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  1. @ President Snow, like they really read these comments or have the GUTS to show what is the right thing to do. They are just worrying about planning the next retirement party, the others JUST DO NOT CARE about what is right. Its the Good Ol'Boys - they do not care about the rights of the mother or child, they just care about their next vote, which, from what I gather, the mother left the state of Indiana because of the domestic violence that was going on through out the marriage, the father had three restraining orders on him from three different women, but yet, the COA judges sent a strong message, go ahead men put your women in place, do what you have to do, you have our backs... I just wish the REAL truth could be told about this situation... Please pray for this child and mother that God will some how make things right and send a miracle from above.

  2. I hear you.... Us Christians are the minority. The LGBTs groups have more rights than the Christians..... How come when we express our faith openly in public we are prosecuted? This justice system do not want to seem "bias" but yet forgets who have voted them into office.

  3. Perhaps the lady chief justice, or lady appellate court chief judge, or one of the many female federal court judges in Ind could lead this discussion of gender disparity? THINK WITH ME .... any real examples of race or gender bias reported on this ezine? But think about ADA cases ... hmmmm ... could it be that the ISC actually needs to tighten its ADA function instead? Let's ask me or Attorney Straw. And how about religion? Remember it, it used to be right up there with race, and actually more protected than gender. Used to be. Patrick J Buchanan observes: " After World War II, our judicial dictatorship began a purge of public manifestations of the “Christian nation” Harry Truman said we were. In 2009, Barack Obama retorted, “We do not consider ourselves to be a Christian nation.” Secularism had been enthroned as our established religion, with only the most feeble of protests." http://www.wnd.com/2017/02/is-secession-a-solution-to-cultural-war/#q3yVdhxDVMMxiCmy.99 I could link to any of my supreme court filings here, but have done that more than enough. My case is an exclamation mark on what PJB writes. BUT not in ISC, where the progressives obsess on race and gender .... despite a lack of predicate acts in the past decade. Interested in reading more on this subject? Search for "Florida" on this ezine.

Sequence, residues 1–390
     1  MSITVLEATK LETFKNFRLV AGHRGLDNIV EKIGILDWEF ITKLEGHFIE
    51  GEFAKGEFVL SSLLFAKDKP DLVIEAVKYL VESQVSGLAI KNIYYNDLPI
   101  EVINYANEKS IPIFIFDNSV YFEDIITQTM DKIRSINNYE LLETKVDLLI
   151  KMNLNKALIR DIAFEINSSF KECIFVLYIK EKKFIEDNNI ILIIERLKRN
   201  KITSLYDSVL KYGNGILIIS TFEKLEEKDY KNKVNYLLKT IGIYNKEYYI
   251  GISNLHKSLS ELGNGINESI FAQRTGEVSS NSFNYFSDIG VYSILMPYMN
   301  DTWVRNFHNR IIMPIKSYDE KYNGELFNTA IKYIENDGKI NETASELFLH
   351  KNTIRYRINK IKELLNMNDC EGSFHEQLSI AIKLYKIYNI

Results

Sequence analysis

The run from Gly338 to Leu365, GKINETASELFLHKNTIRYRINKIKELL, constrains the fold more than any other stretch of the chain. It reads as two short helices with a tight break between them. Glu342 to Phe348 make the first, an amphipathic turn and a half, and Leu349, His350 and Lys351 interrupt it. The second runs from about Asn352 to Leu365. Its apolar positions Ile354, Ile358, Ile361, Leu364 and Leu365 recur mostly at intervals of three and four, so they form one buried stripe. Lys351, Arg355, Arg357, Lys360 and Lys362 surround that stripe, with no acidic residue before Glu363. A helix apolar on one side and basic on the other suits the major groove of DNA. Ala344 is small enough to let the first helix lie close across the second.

4. Great questions to six jurists. The legislature should open a probe to investigate possible government corruption. Cj rush has shown courage as has justice Steven David. Who stands with them?

  5. The is an unsigned editorial masquerading as a news story. Almost everyone quoted was biased in favor of letting all illegal immigrants remain in the U.S. (Ignoring that Obama deported 3.5 million in 8 years). For some reason Obama enforcing part of the immigration laws was O.K. but Trump enforcing additional parts is terrible. I have listed to press conferences and explanations of the Homeland Security memos and I gather from them that less than 1 million will be targeted for deportation, the "dreamers" will be left alone and illegals arriving in the last two years -- especially those arriving very recently -- will be subject to deportation but after the criminals. This will not substantially affect the GDP negatively, especially as it will take place over a number of years. I personally think this is a rational approach to the illegal immigration problem. It may cause Congress to finally pass new immigration laws rationalizing the whole immigration situation.